Moody's downgrade was likely to make it even more difficult for the cash-strapped Greek government to tap the bond markets for money. The government has insisted that it prefers to access money via the markets to meet its borrowing requirements instead of resorting to a joint eurozone-International Monetary Fund rescue package.
But with investors demanding such punishing rates, the possibility of getting by without the bailout seems increasingly remote.
"Greece is in the midst of another hellish week and now faces no choice but to seek to formally activate the European rescue package," said Ben May, European economist at Capital Economics. "While this may help to ease the markets' frazzled nerves, the latest upward revision to the 2009 budget deficit highlights the mammoth task ahead."
The European Union's statistics agency Eurostat said the country's budget deficit in 2009 stood at 13.6 percent of gross domestic product rather than the previously predicted 12.9 percent, and could be further revised by up to 0.5 percentage points.
Four times the limit
The level is more than four times the EU limit set for the 16 countries that use the euro currency, which has been badly hit by the Greek financial crisis. Eurostat also revised the ratio of government debt to GDP to 115.1 percent, up from 113.4 and the second highest in the EU after Italy.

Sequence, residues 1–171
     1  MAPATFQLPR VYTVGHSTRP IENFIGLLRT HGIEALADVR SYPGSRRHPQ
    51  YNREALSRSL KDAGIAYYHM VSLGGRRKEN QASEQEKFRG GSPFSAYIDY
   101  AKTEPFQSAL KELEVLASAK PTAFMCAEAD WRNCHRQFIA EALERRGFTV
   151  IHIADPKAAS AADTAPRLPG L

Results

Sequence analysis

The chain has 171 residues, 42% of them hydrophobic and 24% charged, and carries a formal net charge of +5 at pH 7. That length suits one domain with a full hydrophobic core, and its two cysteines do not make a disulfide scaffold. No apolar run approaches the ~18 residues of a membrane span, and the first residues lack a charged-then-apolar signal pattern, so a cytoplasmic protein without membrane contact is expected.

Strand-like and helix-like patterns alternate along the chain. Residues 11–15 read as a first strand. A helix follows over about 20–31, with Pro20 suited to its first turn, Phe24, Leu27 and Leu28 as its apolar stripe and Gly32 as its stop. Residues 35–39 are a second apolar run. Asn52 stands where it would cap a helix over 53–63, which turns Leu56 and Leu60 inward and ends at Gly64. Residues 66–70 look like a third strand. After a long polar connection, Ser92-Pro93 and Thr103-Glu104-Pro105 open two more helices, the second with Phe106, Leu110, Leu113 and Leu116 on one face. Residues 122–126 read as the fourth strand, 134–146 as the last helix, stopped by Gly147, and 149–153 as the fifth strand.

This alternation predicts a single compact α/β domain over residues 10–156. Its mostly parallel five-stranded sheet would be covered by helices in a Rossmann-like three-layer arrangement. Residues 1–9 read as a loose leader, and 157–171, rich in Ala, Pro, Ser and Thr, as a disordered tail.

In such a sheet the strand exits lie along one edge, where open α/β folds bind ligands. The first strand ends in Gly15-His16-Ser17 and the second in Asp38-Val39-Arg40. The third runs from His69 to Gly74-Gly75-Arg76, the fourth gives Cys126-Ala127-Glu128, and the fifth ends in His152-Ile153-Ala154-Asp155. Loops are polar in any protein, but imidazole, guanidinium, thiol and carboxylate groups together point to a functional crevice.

Athens insisted its target of reducing its deficit by at least 4 percentage points in 2010 remained unchanged.
"The government has already adopted all the necessary measures in excess of 6 percent of GDP to ensure the achievement of this objective," the Finance Ministry said in a statement.
The revision came as the civil servants' strike disrupted public services, shut down schools and left state hospitals working with emergency staff. Protesters from a Communist-backed trade union blockaded Athens' main port of Piraeus, disrupting ferry services.
But demonstrations in Athens were far smaller than those of other recent strikes, with just 3,000-4,000 protesters marching through the city center. Scuffles broke out when a group of about 150 demonstrators challenged police lines near the city's central Syntagma Square. Police responded with small amounts of tear gas.